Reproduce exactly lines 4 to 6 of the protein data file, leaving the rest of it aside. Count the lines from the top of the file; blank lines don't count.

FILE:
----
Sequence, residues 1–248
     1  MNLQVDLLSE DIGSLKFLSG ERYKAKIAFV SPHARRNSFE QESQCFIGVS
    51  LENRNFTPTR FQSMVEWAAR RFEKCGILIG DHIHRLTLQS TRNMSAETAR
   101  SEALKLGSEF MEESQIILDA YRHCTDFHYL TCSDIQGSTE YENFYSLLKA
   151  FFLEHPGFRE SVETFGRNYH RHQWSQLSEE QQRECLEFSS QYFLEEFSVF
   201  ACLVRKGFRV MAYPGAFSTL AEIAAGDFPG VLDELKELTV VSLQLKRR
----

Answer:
   101  SEALKLGSEF MEESQIILDA YRHCTDFHYL TCSDIQGSTE YENFYSLLKA
   151  FFLEHPGFRE SVETFGRNYH RHQWSQLSEE QQRECLEFSS QYFLEEFSVF
   201  ACLVRKGFRV MAYPGAFSTL AEIAAGDFPG VLDELKELTV VSLQLKRR